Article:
Innovative dinner at molecular gastronomy

Kaya toast with rojak

Kaya toast with rojak

Kaya toast with tou pok

Laksa paste with coconut noodles

Laksa paste with coconut noodles

Laksa noodles. Noodles is hand made from coconut juice.

Squid ink paella

Squid ink paella

Squid paella made to look like dim sum

Watermelon sashimi

Watermelon sashimi

Tuna Sashimi made with watermelon infused with balsamic vinegar. Refreshing. Chrysanthemum flower is also edible. And the wasabe is basil with crème fraiche.

Chilli crab on seashore

Chilli crab on seashore

Chilli crab is soo good. Laid out on a seabed of peanut sand, sorbet chili ice cream sauce, agar agar seaweed and foam.

Sheer creativity. The chef is genius. He has a team of 8 kitchen staff.

Open kitchen

Open kitchen where guests sit around the table

Satay beef with mocha wrapped in pandan

Satay beef with mochi wrapped in pandan.

Here with the satay beef, the best texture is medium rare. I usually take my beef at medium, but the juiciness is maintained. Foie Gras added to feign the fatty pork and oily goodness.

Crackling pork roulade

Crackling pork roulade

Crunch, crunch. Crackling skin. Break the egg and mix with risotto. Yums.

Hainanese Curry rice

Hainanese Curry rice

The Hainanese curry rice is arranged to look like a Woodland scene with coriander sponge, sous vide egg 66 degrees, curry quinoa and a nest.

chicken rice

chicken rice

Finally dessert

Cendol Xiao long bao

Cendol Xiao long bao

2015-04-02-23-16-08_deco

Local breakfast

The local breakfast is hilarious. It is a play on the local breakfast scene which Singaporeans are familiar with, growing up, soft-boiled egg cracked into a plate, slurped down with strong milk tea. Here, you crack the egg, don’t peel it. Out plops the panna cotta with mango puree.  Sheer golden gooey delight topped with balsamic vinegar (black sauce) and brown sugar (pepper) with local Indian pulled-tea the tarik which is tea panna cotta with foam aka tea latte.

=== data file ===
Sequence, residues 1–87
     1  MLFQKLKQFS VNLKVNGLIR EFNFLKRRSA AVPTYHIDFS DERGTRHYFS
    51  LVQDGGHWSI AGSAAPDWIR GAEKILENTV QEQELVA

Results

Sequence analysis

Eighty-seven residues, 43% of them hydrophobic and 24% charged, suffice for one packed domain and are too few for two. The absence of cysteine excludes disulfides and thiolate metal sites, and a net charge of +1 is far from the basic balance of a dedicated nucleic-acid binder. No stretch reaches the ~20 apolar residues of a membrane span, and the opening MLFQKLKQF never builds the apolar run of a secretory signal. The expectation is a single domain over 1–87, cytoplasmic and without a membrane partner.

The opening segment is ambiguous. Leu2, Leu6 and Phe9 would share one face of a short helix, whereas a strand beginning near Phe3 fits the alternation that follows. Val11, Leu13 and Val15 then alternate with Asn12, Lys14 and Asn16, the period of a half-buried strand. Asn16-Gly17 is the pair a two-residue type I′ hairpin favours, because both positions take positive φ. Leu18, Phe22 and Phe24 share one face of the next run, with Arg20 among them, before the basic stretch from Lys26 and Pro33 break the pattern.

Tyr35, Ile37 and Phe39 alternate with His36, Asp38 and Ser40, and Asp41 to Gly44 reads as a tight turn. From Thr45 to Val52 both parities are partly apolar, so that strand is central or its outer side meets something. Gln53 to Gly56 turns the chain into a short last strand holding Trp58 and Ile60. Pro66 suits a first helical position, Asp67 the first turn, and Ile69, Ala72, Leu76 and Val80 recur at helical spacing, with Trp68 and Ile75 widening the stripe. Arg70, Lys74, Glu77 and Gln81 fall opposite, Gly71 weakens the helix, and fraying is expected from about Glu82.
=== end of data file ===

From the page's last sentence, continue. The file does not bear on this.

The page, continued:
It brought a tear on my cheek of breakfast past.

Labyrinth challenges your assumptions of food, especially a Singaporean’s favourite local food scene. Just across the road at Maxwell market, one finds famous chicken rice, curry rice etc. Chef Han recreates the familiar food scene, using familiar textures and colors, but with sheer technological wizardry rewards us with an element of surprise. To his credit, he has given justice to the local comfort food and at times, elevated it to the level of sheer art and poetry.

You have to try it to experience the sheer level of artistry and painstaking attention to details. Its like the proverbial boyfriend who put in so much effort to surprise you at your birthday, not with dripping jewellery, but hours spent crafting an unforgettable experience with the simple ingredients he has.

Here, Chef Han has achieved it. I imagine the “drops of blood” sweated over the creations. I certainly hope that he will get a bigger premise, because this is not the kind of place that you can bring a group bigger than 8 corporate clients etc. The venue is convenient, cozy and slightly folksy. Unless it proves profitable, I wonder when he will change his menu as I’d like to return with a different set of friends.

Labyrinth
5 Neil Road.
Tel | (65) 6223 4098
Email | info@labyrinth.com.sg
http://www.labyrinth.com.sg/

Currently, they’re only opened for dinner and closed on Mondays. There’s only one table for 6 pax and another for 4 pax. Rest are seated around the food preparation table.  Conveniently located next to Maxwell market. Take MRT to Tanjong Pagar station. Highly recommend to go with a small party of friends.

“All art is autobiographical; the pearl is the oyster’s autobiography.”
Federico Fellini, Italian film director. (1920-1993)

Labyrinth is an autobiography of Singapore food culture.

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